This will be the first of many chilled, refreshing drinks that I’ll be sharing with you guys over the next few months. I thought I’ll start with this, since this pineapple chia fresca is a really refreshing and healthy summer drink, with fresh pineapple flavor, a hint of vanilla and lime, and a generous dose of chia seeds!
For this vanilla pineapple chia fresca, you could just as easily substitute the chia seeds with basil seeds for a sweet pineapple basil seed drink. Sometimes I use both for the best of both worlds.
The difference between unsoaked basil and chia seeds. Basil seeds are black in color, while chia seeds are brown and mottled.
Chia seeds are quite similar. They too become gelatinous and chewy when soaked in water, but that jelly layer isn’t as thick as with basil seeds. The nutritional value of these two types of seed are also different. Chia is known to be the more nutritious of the two.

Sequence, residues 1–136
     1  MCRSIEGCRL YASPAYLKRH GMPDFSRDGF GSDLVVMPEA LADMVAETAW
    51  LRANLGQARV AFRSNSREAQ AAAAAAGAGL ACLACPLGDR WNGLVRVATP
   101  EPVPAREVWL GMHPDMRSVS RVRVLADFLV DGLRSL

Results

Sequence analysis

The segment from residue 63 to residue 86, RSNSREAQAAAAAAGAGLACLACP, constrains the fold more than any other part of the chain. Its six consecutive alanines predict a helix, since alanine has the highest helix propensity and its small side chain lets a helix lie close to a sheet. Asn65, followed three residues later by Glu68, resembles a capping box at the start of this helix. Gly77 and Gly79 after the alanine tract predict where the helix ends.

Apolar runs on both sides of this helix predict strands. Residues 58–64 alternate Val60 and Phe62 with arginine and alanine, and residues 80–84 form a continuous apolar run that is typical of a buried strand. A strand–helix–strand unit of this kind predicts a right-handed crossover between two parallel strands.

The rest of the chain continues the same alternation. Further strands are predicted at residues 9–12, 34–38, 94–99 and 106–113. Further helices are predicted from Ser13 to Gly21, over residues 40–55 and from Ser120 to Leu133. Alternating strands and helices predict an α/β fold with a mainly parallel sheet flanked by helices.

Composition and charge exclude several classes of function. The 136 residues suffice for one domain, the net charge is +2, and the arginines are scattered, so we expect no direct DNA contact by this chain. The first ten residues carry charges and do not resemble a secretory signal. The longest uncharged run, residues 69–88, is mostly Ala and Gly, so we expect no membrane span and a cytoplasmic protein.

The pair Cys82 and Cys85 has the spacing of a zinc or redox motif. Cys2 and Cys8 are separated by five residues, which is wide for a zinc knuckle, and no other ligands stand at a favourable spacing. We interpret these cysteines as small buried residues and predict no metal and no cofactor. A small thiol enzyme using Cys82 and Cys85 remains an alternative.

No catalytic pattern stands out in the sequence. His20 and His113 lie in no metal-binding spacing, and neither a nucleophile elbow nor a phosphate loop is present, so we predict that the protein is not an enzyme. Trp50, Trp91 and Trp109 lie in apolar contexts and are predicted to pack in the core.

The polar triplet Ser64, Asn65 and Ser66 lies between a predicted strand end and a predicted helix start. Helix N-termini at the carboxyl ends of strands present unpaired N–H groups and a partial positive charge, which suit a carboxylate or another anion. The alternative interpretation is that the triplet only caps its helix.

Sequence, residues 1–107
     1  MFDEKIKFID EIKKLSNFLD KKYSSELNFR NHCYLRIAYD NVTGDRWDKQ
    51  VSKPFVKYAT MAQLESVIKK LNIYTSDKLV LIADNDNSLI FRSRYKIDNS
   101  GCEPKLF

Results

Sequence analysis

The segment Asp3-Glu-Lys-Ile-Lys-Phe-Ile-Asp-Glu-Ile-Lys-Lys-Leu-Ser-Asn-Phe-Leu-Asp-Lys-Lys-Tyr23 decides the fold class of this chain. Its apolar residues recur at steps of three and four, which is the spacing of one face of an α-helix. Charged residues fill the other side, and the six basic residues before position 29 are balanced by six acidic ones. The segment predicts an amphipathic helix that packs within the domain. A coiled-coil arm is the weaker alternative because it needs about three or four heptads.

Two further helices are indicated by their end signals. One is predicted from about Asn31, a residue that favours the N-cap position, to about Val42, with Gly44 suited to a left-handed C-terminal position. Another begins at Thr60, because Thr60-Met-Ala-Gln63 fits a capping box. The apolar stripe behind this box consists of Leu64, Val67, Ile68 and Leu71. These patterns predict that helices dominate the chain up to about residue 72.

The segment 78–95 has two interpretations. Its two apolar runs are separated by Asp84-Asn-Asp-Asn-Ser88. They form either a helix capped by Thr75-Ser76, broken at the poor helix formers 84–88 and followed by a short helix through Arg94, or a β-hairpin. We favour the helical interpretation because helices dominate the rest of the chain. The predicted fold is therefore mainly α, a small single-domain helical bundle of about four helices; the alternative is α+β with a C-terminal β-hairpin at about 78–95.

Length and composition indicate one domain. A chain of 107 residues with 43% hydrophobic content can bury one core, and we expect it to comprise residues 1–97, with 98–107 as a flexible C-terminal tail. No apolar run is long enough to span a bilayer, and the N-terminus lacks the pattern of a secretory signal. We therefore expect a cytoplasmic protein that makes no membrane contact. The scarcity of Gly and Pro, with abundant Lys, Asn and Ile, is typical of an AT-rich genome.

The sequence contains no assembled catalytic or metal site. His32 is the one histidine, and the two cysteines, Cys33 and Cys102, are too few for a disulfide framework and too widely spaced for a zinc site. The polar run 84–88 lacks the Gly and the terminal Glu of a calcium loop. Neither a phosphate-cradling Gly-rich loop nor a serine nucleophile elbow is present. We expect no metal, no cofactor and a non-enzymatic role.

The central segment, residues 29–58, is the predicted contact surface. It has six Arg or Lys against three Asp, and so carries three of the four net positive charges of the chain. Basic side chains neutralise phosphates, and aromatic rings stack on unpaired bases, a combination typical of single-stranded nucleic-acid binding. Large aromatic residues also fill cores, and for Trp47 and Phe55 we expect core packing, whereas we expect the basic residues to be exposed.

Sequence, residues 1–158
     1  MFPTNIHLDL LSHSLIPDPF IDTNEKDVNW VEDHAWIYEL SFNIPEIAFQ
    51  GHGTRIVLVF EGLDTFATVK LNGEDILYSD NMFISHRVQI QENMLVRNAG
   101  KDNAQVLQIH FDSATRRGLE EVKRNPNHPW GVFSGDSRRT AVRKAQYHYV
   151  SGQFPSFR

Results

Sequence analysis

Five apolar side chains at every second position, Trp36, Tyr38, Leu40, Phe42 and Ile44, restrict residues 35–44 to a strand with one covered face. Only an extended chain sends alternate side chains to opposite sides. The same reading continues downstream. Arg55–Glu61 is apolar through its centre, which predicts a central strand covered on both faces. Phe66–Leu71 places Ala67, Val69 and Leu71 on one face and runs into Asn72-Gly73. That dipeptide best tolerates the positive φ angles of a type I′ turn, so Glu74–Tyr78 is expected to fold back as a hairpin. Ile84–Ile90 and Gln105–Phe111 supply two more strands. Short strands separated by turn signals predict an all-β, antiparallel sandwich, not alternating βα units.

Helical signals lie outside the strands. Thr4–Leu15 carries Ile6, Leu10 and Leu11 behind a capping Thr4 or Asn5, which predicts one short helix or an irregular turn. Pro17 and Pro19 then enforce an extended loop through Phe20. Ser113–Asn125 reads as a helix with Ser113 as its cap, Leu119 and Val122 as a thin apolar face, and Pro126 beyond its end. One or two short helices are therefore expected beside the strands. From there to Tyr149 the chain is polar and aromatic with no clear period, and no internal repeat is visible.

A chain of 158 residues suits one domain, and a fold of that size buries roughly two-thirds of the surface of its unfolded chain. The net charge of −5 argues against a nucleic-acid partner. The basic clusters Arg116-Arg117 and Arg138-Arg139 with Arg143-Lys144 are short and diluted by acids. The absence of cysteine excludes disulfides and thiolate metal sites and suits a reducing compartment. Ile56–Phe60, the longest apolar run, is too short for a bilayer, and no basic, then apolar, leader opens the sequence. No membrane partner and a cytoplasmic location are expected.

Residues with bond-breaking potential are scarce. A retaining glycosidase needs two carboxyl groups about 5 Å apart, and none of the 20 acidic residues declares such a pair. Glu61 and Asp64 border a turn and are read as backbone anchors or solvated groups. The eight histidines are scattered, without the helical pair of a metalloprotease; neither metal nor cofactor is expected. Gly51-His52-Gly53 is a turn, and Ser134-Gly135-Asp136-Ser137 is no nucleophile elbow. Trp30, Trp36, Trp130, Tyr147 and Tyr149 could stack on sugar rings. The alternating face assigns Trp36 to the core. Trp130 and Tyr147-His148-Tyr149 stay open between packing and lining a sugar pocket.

The difference between soaked chia and basil seeds
I was obsessed with basil seeds (also known as tukmaria, sabja or kasa kasaa) when I was young, thanks to this addictive Sri Lankan dessert drink called falooda. The basil seeds form a delightful gelatinous layer when soaked in water, and I’d add them to my drinking water all the time. I loved that chewy texture, which a lot of people found to be weird!
First there was cow leather, then plastic leather: now we are wearing pineapple leather.
Clothing made from the wine and juice industry’s leftovers offers a high street alternative for vegans
In an effort to appeal to vegans and environmentalists, manufacturers have begun experimenting with leather alternatives made of leftovers from the wine and fruit juice-making process. Leaves, skins, stalks and seeds are being dried, milled, chemically treated and rolled into faux leather felt.
Handbags and dresses made from fruit also including mangos, apples and grapes are being sold by designers and high street brands including H&M and Selfridges.